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Conduct a confidential annual staff wellbeing survey

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On this page you can find information about:

  • the role of surveys in improving staff wellbeing

  • suggestions of what to include in a staff wellbeing survey

  • ideas about effective implementation of regular surveys.


Staff wellbeing is integral to promoting a whole-school or college approach to mental health and wellbeing.  

Recent research by the Health and Safety Executive reported that teaching staff and education professionals had the third highest rates of work-related stress, depression or anxiety of any industry in the UK.

Research  has also found that teacher stress has an impact on children’s learning in primary schools. The Department for Education Staff Wellbeing Charter (last updated 2023) emphasises the importance of routinely measuring the wellbeing of staff, enabling schools and colleges to effectively monitor changes in wellbeing levels and respond where necessary. 

This reinforces the approach suggested in the Anna Freud publication Ten ways to support school staff wellbeing (published 2018), which is based on a consultation of over 3,000 teachers and allied professionals.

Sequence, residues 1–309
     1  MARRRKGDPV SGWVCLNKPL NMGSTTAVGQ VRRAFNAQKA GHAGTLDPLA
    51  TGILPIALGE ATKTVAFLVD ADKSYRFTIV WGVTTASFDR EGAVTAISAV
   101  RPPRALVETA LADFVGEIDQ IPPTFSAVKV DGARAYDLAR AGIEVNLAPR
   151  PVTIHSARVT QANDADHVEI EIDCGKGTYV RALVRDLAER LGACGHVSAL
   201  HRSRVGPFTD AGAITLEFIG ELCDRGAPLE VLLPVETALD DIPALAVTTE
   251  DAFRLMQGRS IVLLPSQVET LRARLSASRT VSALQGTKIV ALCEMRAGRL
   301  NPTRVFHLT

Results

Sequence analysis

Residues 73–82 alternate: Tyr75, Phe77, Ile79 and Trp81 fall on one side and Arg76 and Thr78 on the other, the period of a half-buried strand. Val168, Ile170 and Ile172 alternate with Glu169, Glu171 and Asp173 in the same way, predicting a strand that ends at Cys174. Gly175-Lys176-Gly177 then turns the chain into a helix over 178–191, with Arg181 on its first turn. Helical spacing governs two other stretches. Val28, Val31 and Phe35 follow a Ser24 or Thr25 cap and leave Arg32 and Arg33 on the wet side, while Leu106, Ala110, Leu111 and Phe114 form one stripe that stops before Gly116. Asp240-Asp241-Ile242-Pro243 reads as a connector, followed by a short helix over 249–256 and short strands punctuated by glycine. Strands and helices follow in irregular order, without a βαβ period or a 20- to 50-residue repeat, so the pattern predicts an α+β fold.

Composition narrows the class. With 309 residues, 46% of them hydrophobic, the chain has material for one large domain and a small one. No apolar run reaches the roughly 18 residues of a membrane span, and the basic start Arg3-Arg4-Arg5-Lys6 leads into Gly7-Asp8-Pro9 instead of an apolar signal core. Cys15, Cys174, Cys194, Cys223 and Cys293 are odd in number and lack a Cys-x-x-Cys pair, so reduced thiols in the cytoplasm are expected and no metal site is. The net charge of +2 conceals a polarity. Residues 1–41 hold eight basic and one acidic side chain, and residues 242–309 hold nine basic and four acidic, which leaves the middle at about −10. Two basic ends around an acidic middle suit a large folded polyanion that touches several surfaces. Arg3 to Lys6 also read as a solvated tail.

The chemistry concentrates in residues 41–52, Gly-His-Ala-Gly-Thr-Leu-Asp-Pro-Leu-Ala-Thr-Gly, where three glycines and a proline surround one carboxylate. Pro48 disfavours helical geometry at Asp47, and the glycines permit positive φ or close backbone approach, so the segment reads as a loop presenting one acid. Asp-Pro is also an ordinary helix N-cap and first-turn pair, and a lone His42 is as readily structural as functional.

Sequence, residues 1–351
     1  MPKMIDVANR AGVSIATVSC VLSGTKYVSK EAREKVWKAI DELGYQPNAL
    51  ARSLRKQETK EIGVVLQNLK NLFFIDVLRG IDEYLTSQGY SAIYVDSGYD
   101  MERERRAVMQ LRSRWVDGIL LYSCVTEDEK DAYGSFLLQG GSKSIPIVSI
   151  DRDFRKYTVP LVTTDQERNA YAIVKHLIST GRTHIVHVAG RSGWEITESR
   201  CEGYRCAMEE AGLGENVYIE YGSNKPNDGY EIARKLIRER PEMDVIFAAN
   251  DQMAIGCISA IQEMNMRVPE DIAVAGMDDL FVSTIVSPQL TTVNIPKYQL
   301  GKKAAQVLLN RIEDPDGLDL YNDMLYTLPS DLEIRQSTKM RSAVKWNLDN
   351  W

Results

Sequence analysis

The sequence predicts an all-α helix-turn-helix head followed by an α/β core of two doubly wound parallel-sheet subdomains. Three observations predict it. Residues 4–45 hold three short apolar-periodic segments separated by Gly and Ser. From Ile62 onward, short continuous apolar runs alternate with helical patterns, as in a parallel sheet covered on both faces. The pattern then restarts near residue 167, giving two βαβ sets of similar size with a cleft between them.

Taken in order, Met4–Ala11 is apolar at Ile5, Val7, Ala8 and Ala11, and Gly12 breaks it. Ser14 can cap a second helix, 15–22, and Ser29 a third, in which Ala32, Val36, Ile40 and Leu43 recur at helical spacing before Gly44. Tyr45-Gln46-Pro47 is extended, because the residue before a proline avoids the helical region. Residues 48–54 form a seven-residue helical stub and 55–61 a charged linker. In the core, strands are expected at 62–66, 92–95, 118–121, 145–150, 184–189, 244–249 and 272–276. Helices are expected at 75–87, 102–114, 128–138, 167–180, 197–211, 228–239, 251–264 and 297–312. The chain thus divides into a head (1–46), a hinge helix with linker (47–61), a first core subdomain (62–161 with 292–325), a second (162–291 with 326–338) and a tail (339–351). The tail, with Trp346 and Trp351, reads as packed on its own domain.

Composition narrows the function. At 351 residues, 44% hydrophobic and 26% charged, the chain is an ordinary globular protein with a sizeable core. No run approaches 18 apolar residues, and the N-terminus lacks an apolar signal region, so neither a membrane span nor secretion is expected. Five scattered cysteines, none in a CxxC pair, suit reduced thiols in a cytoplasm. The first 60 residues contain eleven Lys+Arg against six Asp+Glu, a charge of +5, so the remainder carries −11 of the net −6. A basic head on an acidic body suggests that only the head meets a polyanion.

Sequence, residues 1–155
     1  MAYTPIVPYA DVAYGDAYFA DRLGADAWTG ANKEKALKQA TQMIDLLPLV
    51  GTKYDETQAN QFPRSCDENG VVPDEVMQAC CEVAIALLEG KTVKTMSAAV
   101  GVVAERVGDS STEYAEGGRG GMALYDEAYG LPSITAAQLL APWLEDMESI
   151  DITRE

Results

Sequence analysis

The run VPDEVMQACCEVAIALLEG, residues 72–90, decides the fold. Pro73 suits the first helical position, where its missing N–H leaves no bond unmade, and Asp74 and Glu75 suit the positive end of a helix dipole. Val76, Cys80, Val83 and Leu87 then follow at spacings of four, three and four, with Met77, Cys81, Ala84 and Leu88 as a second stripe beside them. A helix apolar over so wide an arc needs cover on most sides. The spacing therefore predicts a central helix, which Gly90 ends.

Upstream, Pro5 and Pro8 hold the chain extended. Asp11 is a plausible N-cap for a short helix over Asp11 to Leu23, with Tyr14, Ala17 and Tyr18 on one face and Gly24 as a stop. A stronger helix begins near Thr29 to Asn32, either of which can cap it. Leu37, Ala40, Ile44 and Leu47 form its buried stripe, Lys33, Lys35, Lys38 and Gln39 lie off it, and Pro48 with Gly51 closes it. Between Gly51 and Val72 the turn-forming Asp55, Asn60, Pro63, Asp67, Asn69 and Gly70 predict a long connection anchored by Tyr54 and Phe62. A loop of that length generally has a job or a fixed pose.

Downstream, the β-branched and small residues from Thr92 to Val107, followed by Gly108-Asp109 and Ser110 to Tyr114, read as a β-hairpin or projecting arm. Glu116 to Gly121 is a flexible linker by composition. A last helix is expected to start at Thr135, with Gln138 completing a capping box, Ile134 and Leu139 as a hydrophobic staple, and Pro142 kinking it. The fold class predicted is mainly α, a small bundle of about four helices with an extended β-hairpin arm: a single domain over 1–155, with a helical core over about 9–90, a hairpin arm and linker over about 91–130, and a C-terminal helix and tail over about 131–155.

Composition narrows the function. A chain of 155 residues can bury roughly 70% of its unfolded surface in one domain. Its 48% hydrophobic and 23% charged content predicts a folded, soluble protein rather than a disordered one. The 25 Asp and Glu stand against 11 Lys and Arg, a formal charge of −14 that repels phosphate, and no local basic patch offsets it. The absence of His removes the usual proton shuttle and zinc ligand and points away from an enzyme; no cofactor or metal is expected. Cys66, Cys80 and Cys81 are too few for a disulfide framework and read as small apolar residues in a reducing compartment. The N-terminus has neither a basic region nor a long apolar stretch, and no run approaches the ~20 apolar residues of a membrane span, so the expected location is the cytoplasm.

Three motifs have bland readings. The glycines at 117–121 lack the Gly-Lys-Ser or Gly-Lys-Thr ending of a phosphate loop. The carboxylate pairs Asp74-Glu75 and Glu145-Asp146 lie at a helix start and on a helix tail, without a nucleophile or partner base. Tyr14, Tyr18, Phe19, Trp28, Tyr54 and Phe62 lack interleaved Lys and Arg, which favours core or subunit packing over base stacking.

One of the steps recommended is for schools and colleges to monitor and measure staff wellbeing through an annual survey. 

Why use a staff survey? 

The simplest way to understand how people are feeling and what support they need is to ask. A confidential staff survey helps to measure and monitor progress and enables schools and colleges to focus on the tangible and practical actions they can take. Using an anonymous survey ensures staff feel able to respond honestly. By consistently presenting the questions in the same way, change can be monitored when the survey is repeated - for example termly or annually.  Additionally, if other schools and colleges are using the same survey, it is possible to make comparisons between settings.  Key things to consider when using a staff survey are to: 

  • use the survey repeatedly for monitoring and comparison

  • make sure the questions are consistent

  • make sure the survey is anonymous.

What to ask 

A staff survey should include the following questions: 

  • How are school and college staff feeling?

  • What is driving good and poor mental health (including asking staff how they feel about work practices, culture, engagement and management)?

  • How supported do school and college staff feel?

  • Do staff feel equipped to support children and young people with their mental health and wellbeing?

  • Is there any additional support staff feel they need for their own mental health and wellbeing?

Planning a survey 

Considering when and how the survey is conducted is really important. It is important that staff feel able to take the time to consider their responses.  

We would recommend allocating time for staff to take part in the survey, such as during an Inset day or staff meeting. It is also helpful to avoid times of year when staff are particularly busy.